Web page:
Einstein’s Contributions as Basis for Hawking’s

Albert Einstein’s relativity theory included space-bending capacity, and black holes demonstrate this mechanism. Per Michael Finkel’s National Geographic report, Einstein did not believe that black holes actually existed. In contrast, Hawking not only showed that they existed, but that black holes could leak energy into space and even explode.

Prior to Hawking’s discoveries, it was believed that black holes could only absorb anything in its gravitational field—but not that it could also explode outward.

Recent Discoveries about Black Holes

In 2016, NuSTAR reported that the XMM-Newton of the European Space Station had documented that a black hole’s gravitational vortex caused material to wobble around it. In that same year, Hawking suggested that mini-black holes could potentially power the Earth with their energy.

Given the need for new global energy sources, this is an exciting idea!

The Alien Hunting ‘Breakthrough Initiatives’ in a Nutshell


Perhaps the most exciting recent development in the field of space exploration has been the Breakthrough Initiatives program, spearheaded by Stephen Hawking and Russian billionaire Yuri Milner.

The program, founded in 2015, aims to search for extraterrestrial intelligence in the far reaches of space, using three key initiatives; Listen, Message, and Starshot. Also partially funded by Mark Zuckerberg, the program is the first of its kind to take significant steps to find and contact alien life in the Milky Way galaxy and beyond.


The Breakthrough Listen Initiative will monitor the skies for extraterrestrial radio activity by surveying the one million stars closest to Earth, as well as listening for messages from the one hundred closest galaxies. The plan is to use stronger, more sensitive telescopes than have ever been used before, survey a much larger section of the sky than others have in the past, and cover a much larger radio spectrum than has previously been attempted.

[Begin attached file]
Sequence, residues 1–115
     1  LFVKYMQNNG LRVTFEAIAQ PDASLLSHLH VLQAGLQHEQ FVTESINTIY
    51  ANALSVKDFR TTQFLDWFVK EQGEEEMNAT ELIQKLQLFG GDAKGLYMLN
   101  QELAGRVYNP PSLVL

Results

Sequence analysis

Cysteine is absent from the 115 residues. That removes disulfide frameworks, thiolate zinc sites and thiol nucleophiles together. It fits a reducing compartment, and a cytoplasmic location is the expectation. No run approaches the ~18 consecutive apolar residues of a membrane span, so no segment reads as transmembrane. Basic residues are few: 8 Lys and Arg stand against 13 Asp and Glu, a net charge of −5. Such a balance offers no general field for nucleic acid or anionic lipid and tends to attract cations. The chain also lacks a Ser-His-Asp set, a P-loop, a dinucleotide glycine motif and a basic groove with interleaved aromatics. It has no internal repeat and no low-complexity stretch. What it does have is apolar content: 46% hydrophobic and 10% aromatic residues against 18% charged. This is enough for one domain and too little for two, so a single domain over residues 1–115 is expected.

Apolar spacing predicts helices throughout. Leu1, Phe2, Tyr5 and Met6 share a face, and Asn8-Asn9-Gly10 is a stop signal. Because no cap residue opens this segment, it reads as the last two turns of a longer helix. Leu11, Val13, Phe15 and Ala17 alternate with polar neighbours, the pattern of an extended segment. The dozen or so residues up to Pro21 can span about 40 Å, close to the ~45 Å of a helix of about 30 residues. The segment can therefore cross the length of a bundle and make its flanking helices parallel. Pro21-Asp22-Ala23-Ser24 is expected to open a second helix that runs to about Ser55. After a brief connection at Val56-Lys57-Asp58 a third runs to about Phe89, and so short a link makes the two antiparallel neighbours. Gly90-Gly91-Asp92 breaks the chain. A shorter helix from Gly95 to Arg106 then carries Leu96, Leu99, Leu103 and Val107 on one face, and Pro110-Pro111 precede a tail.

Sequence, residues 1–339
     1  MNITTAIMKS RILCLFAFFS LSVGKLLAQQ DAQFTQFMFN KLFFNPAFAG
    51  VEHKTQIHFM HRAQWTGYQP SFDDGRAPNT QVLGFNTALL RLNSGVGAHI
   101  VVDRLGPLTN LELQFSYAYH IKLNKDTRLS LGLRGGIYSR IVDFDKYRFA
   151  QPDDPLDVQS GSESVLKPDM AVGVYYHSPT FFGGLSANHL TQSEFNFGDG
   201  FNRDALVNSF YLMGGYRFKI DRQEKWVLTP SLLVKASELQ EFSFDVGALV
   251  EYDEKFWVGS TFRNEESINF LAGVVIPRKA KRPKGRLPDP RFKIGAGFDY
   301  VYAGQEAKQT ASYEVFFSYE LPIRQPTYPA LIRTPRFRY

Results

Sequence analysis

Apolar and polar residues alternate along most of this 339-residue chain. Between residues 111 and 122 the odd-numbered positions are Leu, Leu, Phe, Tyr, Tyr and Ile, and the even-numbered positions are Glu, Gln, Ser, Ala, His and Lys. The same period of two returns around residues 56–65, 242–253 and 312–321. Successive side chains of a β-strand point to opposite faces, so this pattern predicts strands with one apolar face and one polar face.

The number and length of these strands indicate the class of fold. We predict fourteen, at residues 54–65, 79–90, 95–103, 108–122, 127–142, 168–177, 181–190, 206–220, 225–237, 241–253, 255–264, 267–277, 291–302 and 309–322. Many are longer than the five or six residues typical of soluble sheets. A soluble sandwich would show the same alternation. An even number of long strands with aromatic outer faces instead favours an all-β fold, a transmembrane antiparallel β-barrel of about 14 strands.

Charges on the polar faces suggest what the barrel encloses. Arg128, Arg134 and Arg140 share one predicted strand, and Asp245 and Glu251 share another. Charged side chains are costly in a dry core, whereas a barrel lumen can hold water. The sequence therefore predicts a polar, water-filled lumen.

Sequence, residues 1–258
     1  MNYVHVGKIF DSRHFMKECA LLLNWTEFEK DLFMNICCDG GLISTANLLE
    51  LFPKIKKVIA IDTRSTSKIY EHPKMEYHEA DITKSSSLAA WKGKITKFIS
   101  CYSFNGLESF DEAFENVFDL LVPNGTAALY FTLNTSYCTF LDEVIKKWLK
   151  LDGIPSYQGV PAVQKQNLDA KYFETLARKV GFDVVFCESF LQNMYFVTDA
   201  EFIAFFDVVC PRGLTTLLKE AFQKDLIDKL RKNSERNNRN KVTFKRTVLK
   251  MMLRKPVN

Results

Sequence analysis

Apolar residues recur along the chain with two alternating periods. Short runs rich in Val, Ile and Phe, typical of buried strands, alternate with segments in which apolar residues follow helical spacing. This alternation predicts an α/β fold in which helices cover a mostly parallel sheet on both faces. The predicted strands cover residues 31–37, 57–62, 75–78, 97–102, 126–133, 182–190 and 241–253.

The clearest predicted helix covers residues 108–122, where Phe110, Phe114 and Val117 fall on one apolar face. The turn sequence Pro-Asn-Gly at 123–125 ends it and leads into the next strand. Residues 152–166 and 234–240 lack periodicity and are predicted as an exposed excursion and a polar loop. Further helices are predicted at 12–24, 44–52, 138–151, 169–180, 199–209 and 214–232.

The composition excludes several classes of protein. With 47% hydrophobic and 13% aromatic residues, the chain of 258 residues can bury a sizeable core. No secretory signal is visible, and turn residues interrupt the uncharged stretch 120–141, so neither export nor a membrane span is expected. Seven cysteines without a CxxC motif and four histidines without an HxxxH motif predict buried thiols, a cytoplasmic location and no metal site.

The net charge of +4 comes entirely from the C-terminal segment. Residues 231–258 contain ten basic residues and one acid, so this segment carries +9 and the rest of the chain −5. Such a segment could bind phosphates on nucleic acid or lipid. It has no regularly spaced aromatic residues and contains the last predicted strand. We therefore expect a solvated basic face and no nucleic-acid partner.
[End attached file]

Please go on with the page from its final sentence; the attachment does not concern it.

In addition to radio signals, the initiative also hopes to search for optical laser transmissions. The project is expected to last ten years and has been estimated to cost approximately $100 million.


Breakthrough Message is the initiative aimed at communicating with extraterrestrial life, should any be found. The program has suggested that, while there is no current plan to send these messages, they “hope to encourage debate about how and what to communicate with possible intelligent beings beyond Earth”.

The tricky part is coming up with a message which is both representative of all human beings and would be understood by alien life, which is why Message is taking the form of an international competition. Open to everyone who wishes to participate, $1 million will be divided among those who come up with the best messages. 


Starshot is by far the most ambitious of the initiatives, as its goal is to send swarms of probes to neighboring star systems, employing a fleet of solar-sail spacecraft.

The mission presents a slew of interesting, but very tricky, problems to overcome. The primary issue designers will face is the fact that Alpha Centauri is 41.3 trillion kilometers from Earth, which would take tens of thousands of years at the speed of our current technology.

The program hopes to tackle this problem by using light-powered spacecraft at 20% the speed of light speed, which is 60,000 km/s (the current record is 70 km/s set by Helios II in 1976). They hope to use ground-based light beamers to push lightweight, microchip-sized nanocrafts up to 160 million kilometers per hour, which would allow the probes to reach Alpha Centauri in roughly 20 years.

Other challenges the project may face include getting past the Kuiper Belt and the Oort Cloud without the probes being damaged, figuring out the engineering and design of the gram-sized StarChips, and making the long-term use of the light beamers sustainable.

It is hoped, that in addition to the goals of Breakthrough Initiatives, the project will inspire new methods and technologies to benefit other scientific fields, both astronomical and otherwise.